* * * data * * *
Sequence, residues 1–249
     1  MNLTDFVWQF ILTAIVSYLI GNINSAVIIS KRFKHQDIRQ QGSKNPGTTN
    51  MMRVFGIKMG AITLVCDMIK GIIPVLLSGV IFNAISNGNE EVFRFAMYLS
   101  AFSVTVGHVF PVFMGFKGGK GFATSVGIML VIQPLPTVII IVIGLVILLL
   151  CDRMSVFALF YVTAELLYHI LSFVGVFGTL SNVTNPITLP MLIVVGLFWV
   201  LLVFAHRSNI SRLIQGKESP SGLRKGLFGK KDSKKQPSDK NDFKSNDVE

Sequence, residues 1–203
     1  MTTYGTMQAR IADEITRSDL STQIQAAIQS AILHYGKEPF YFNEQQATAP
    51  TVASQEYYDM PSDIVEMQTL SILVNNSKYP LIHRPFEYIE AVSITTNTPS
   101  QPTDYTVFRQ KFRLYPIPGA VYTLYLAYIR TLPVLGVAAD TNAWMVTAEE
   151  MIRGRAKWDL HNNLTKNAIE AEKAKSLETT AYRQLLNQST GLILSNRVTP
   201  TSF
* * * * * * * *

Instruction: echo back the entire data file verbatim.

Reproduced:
Sequence, residues 1–249
     1  MNLTDFVWQF ILTAIVSYLI GNINSAVIIS KRFKHQDIRQ QGSKNPGTTN
    51  MMRVFGIKMG AITLVCDMIK GIIPVLLSGV IFNAISNGNE EVFRFAMYLS
   101  AFSVTVGHVF PVFMGFKGGK GFATSVGIML VIQPLPTVII IVIGLVILLL
   151  CDRMSVFALF YVTAELLYHI LSFVGVFGTL SNVTNPITLP MLIVVGLFWV
   201  LLVFAHRSNI SRLIQGKESP SGLRKGLFGK KDSKKQPSDK NDFKSNDVE

Sequence, residues 1–203
     1  MTTYGTMQAR IADEITRSDL STQIQAAIQS AILHYGKEPF YFNEQQATAP
    51  TVASQEYYDM PSDIVEMQTL SILVNNSKYP LIHRPFEYIE AVSITTNTPS
   101  QPTDYTVFRQ KFRLYPIPGA VYTLYLAYIR TLPVLGVAAD TNAWMVTAEE
   151  MIRGRAKWDL HNNLTKNAIE AEKAKSLETT AYRQLLNQST GLILSNRVTP
   201  TSF